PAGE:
Saturday, 20 October 2018

Understanding Rxjs Observable

Reactive Extensions for JavaScript (RxJS) is a reactive streams library that allows you to work with asynchronous data streams. RxJS can be used both in the browser or in the server-side using Node.js.

When version 2 of Angular came out, it introduced us to observables. The Observable isn’t an Angular specific feature, but a new standard for managing async data that will be included in the ES7 release. Angular uses observables extensively in the event system and the HTTP service.

What is Observable:
Observables are lazy collections of multiple values over time.

You can think of an observable as an array whose items arrive asynchronously over time. Observables help you manage asynchronous data, such as data coming from a backend service. Observables are used within Angular itself, including Angular’s event system and its http client service. To use observables, Angular uses a third-party library called Reactive Extensions (RxJS). Observables are a proposed feature for ES 2016, the next version of JavaScript.

An Observable by default is unicast. Unicasting means that each subscribed observer owns an independent execution of the Observable. To demonstrate this:

const observable = Rx.Observable.create((observer) => {
observer.next(Math.random());
});

// subscription 1
observable.subscribe((data) => {
  console.log(data); // 0.24957144215097515 (random number)
});

// subscription 2
observable.subscribe((data) => {
   console.log(data); // 0.004617340049055896 (random number)
});

Subjcts:
While Observables are unicast by design, this can be pretty annoying if you expect that each subscriber receives the same values. Subjects can help us overcome this issue.
Subjects can multicast. Multicasting basically means that one Observable execution is shared among multiple subscribers.

Subjects are like EventEmitters, they maintain a registry of many listeners. When calling subscribe on a Subject it does not invoke a new execution that delivers data. It simply registers the given Observer in a list of Observers.

So how to use Subjects to multicast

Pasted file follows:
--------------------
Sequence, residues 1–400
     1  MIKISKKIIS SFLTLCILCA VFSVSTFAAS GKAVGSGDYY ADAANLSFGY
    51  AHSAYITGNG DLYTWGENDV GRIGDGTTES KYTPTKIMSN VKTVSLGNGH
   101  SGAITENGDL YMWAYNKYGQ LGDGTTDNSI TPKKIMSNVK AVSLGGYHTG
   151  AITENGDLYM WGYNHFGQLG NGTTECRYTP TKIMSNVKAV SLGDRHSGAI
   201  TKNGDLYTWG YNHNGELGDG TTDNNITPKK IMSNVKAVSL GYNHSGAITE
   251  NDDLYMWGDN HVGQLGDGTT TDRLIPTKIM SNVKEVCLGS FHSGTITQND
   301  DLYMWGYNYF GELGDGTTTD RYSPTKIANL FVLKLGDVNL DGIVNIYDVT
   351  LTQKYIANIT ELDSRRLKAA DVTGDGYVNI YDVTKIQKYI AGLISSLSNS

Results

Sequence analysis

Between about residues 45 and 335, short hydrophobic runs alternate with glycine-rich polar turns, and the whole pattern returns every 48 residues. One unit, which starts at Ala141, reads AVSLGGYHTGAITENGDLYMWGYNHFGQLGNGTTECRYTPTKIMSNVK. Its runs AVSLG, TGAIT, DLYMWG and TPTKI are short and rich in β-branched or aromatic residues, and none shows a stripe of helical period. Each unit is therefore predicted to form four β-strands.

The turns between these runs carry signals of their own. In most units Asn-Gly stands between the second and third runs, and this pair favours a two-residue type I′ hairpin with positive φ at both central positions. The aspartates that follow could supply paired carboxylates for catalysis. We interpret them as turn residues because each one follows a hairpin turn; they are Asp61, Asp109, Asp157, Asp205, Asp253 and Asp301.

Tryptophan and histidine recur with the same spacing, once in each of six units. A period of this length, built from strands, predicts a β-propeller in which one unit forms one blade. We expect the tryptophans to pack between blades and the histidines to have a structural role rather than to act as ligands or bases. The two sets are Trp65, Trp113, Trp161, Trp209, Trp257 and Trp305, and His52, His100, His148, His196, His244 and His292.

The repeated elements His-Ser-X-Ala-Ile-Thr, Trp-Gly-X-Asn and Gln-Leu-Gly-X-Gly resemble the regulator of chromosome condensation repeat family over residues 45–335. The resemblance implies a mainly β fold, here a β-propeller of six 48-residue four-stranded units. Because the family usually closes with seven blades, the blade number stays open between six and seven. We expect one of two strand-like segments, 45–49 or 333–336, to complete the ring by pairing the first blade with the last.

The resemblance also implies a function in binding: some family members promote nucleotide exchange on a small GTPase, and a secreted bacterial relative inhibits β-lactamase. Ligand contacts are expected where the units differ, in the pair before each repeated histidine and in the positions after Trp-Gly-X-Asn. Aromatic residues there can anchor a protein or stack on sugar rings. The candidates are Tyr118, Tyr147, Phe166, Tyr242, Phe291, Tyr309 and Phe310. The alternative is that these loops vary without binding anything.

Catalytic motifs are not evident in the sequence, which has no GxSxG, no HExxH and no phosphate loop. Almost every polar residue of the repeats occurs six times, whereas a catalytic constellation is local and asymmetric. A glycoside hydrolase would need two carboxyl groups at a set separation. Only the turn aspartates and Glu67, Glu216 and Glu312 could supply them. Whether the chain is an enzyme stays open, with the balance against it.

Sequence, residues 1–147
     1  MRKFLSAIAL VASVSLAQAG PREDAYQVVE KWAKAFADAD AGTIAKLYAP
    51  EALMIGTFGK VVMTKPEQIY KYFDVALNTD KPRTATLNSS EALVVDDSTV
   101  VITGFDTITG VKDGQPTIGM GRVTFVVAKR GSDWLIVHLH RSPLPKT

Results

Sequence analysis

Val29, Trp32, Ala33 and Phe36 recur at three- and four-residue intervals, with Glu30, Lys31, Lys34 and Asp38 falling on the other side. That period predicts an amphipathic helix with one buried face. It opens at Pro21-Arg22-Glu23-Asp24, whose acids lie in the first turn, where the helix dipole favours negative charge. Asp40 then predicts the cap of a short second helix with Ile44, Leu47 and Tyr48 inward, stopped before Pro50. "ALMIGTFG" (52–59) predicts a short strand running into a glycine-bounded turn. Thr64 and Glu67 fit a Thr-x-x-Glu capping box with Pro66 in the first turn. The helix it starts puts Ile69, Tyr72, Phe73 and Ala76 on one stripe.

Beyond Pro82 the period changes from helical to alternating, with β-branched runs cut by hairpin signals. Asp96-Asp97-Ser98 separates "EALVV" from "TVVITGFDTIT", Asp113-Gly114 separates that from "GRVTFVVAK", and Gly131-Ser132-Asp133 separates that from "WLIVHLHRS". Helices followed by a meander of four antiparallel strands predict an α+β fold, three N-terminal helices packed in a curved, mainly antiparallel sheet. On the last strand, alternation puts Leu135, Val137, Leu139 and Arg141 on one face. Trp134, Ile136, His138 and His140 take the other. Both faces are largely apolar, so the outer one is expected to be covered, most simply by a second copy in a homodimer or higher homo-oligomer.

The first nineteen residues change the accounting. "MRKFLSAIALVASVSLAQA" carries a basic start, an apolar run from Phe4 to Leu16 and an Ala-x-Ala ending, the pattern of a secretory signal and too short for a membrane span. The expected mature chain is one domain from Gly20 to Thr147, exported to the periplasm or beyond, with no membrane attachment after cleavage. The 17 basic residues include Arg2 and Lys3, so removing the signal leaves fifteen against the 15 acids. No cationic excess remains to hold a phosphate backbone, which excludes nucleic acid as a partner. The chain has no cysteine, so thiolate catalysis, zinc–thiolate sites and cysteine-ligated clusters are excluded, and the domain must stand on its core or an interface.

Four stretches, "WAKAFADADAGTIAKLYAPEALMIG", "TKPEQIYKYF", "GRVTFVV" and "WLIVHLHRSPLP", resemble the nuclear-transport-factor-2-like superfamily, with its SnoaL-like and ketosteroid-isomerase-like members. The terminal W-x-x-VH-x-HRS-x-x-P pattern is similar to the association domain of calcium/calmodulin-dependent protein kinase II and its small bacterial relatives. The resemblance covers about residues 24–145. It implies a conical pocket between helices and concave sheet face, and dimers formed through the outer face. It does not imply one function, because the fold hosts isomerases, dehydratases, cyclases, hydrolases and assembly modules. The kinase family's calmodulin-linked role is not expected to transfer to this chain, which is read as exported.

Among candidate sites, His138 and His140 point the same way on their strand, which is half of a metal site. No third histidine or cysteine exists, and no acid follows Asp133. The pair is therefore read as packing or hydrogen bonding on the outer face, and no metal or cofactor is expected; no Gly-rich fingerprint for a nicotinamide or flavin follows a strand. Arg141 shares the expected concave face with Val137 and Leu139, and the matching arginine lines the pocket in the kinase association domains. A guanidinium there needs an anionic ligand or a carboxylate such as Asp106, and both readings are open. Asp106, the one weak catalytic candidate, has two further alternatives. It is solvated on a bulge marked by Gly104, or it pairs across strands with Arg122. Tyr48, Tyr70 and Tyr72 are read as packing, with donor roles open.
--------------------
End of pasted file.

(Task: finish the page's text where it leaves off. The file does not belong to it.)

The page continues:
Multicasting is a characteristic of a Subject. You don’t have to do anything special to achieve this behaviour. This is a small multicast demonstration:

const subject = new Rx.Subject();

// subscriber 1
subject.subscribe((data) => {
    console.log(data); // 0.24957144215097515 (random number)
});

// subscriber 2
subject.subscribe((data) => {
    console.log(data); // 0.24957144215097515 (random number)
});

subject.next(Math.random());

Nice! Now i got two subscriptions getting the same data. This however is not all that Subjects can do.

Whereas Observables are solely data producers, Subjects can both be used as a data producer and a data consumer. By using Subjects as a data consumer you can use them to convert Observables from unicast to multicast. Here’s a demonstration of that:

const observable = Rx.Observable.create((observer) => {
    observer.next(Math.random());
});

const subject = new Rx.Subject();

// subscriber 1
subject.subscribe((data) => {
    console.log(data); // 0.24957144215097515 (random number)
});

// subscriber 2
subject.subscribe((data) => {
    console.log(data); // 0.24957144215097515 (random number)
});

observable.subscribe(subject);

We pass our Subject to the subscribe function and let it take the values that come out of the Observable (data consuming). All the subscribers to that Subject will then all immediately receive that value.

merge: Turn multiple observables into a single observable.

mergeMap: Merges all the observable sequences and Promises into a single observable sequence.
var source1 = Rx.Observable.interval(100)
    .timeInterval()
    .pluck('interval');
var source2 = Rx.Observable.interval(150)
    .timeInterval()
    .pluck('interval');

var source = Rx.Observable.merge(
    source1,
    source2)
    .take(5);

var subscription = source.subscribe(
    function (x) {
        console.log('Next: ' + x);
    },
    function (err) {
        console.log('Error: ' + err);
    },
    function () {
        console.log('Completed');
    });

// => Next: 100
// => Next: 150
// => Next: 100
// => Next: 150
// => Next: 100
// => Completed

concat: Concatenates all of the specified observable sequences, as long as the previous observable sequence terminated successfully.

/* Using Observable sequences */
var source1 = Rx.Observable.return(42);
var source2 = Rx.Observable.return(56);

var source = Rx.Observable.concat(source1, source2);

var subscription = source.subscribe(
    function (x) {
        console.log('Next: ' + x);
    },
    function (err) {
        console.log('Error: ' + err);
    },
    function () {
        console.log('Completed');
    });

// => Next: 42
// => Next: 56
// => Completed

defer: Returns an observable sequence that invokes the specified factory function whenever a new observer subscribes.

/* Using an observable sequence */
var source = Rx.Observable.defer(function () {
    return Rx.Observable.return(42);
});

var subscription = source.subscribe(
    function (x) {
        console.log('Next: ' + x);
    },
    function (err) {
        console.log('Error: ' + err);
    },
    function () {
        console.log('Completed');
    });

// => Next: 42
// => Completed

do: Invokes an action for each element in the observable sequence and invokes an action upon graceful or exceptional termination of the observable sequence.

This method can be used for debugging, logging, etc. of query behavior by intercepting the message stream to run arbitrary actions for messages on the pipeline.